8/18/2022 | By Kari Smith

Seniors Guide examines the critical and sometimes-overlooked issue of hydration for seniors. The natural aging process, medications, and dementia can increase dehydration issues, and having insufficient fluids can cause discomfort at best, and serious health repercussions at worst. Writer Kari Smith examines the problem and offers easy-to-implement solutions.

I admit it, though the confession often earns me looks of surprise and even disdain … I hate drinking water. I mean I really, really don’t like to drink water. I can make it relatively tolerable with a fancy thermal tumbler, a straw (reusable, please!), a lime, cucumber, or some mint leaves, but I really struggle to just drink a bottle of plain water.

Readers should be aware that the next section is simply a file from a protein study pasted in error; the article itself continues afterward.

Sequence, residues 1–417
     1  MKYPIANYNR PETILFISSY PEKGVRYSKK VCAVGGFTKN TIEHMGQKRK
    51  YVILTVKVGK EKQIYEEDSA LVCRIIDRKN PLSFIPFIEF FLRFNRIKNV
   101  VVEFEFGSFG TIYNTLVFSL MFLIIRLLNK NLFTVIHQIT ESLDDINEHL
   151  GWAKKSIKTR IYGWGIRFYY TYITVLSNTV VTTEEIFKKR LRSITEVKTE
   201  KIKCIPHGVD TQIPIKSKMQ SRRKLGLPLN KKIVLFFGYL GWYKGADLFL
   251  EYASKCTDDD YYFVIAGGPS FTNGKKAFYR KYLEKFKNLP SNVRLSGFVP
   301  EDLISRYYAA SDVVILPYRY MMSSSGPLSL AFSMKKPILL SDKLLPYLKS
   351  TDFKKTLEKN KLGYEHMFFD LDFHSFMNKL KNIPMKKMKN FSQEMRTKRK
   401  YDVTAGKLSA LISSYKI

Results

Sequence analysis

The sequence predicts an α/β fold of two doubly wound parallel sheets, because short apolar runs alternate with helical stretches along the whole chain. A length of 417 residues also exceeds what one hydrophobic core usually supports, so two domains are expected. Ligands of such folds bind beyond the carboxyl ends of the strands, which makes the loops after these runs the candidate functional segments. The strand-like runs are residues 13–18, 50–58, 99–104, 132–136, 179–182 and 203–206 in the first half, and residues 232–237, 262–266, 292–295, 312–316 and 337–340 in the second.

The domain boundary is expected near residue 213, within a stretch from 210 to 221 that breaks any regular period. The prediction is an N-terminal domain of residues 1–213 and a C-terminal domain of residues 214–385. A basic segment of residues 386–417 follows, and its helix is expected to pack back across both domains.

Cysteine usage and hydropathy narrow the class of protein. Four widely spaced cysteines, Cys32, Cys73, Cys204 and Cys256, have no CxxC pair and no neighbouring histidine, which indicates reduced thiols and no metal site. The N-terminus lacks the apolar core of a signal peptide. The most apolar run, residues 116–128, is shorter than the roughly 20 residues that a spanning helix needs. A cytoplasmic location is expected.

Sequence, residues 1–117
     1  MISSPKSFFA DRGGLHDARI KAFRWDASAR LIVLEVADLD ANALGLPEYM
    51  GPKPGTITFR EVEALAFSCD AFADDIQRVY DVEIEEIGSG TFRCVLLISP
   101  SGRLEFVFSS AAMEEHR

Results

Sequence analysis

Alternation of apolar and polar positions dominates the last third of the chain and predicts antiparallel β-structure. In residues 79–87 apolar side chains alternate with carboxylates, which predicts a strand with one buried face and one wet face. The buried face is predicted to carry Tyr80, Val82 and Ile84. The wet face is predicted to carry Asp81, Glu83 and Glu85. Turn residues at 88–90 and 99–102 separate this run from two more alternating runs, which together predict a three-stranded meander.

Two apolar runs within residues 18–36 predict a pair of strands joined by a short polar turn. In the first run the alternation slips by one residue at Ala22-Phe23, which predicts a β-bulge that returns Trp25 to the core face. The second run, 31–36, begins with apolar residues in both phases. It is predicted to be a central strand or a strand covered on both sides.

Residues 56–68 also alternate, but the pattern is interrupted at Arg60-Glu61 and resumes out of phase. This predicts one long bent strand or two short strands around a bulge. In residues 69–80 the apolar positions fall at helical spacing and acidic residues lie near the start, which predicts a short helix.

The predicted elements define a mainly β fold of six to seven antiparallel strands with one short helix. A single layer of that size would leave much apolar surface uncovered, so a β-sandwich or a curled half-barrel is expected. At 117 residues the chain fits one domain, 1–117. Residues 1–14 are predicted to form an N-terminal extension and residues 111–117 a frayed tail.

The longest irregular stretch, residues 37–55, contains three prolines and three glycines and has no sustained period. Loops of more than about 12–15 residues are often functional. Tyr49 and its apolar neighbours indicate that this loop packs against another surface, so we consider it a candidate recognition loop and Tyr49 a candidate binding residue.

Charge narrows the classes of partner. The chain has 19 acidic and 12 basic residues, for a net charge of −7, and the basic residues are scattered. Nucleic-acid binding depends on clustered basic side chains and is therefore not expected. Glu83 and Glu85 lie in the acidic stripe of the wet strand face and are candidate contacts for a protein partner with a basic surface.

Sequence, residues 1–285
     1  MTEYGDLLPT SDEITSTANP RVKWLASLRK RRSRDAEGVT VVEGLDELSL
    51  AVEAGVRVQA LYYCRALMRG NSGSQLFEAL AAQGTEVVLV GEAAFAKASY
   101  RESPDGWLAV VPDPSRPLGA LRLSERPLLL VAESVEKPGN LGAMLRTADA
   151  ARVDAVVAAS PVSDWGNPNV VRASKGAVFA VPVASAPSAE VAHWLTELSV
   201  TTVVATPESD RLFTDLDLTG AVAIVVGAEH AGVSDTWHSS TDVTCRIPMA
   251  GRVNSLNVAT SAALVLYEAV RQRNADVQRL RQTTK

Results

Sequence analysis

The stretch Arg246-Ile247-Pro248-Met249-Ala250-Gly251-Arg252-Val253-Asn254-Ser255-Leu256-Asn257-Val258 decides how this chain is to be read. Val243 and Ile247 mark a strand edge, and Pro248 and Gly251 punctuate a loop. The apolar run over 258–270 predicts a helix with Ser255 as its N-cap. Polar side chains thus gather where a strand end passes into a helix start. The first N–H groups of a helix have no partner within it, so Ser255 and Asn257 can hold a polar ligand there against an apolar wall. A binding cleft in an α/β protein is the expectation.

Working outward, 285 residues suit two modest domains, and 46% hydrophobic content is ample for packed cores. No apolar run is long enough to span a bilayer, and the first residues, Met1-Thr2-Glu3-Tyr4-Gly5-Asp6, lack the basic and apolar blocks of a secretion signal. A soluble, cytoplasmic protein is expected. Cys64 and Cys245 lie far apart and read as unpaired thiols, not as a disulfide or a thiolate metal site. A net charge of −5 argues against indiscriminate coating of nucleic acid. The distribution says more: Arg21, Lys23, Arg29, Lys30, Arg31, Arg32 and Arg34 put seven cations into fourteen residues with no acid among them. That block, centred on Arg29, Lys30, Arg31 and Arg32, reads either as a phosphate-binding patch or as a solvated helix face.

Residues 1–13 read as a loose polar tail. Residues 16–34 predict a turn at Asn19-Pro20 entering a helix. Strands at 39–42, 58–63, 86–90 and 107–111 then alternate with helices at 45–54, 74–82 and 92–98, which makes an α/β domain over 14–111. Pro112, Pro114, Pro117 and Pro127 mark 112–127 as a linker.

Sadly, lack of hydration has ill effects, since our bodies need water for most every function. In fact, the average adult human body is composed of about 60% water. I often realize this when I begin to feel dizzy, have a headache coming on, or feel fatigued, that I have not been drinking enough water.

On the plus side, water also helps to moisturize skin, remove toxins, and lubricate joints.

As we age, not drinking enough water becomes even more of a problem, as the aging process can make us slower to realize that we are hungry or thirsty. Increasing how much water you drink daily could be a simple way to remedy those early signs of dehydration: muscle cramps, confusion, or urinating less frequently than usual (which may sound convenient but indicates problems). This makes hydration for seniors an important issue to be aware of, to keep at front of mind.

What is dehydration?

Simply put: dehydration is what happens when your body has insufficient water. Mild dehydration can be uncomfortable; serious dehydration can be life-threatening. Since water accounts for more than 70% of our cells’ mass, it follows that dehydration affects the entire body, down to the cellular level, and can even inhibit the body’s healing process and natural immunity.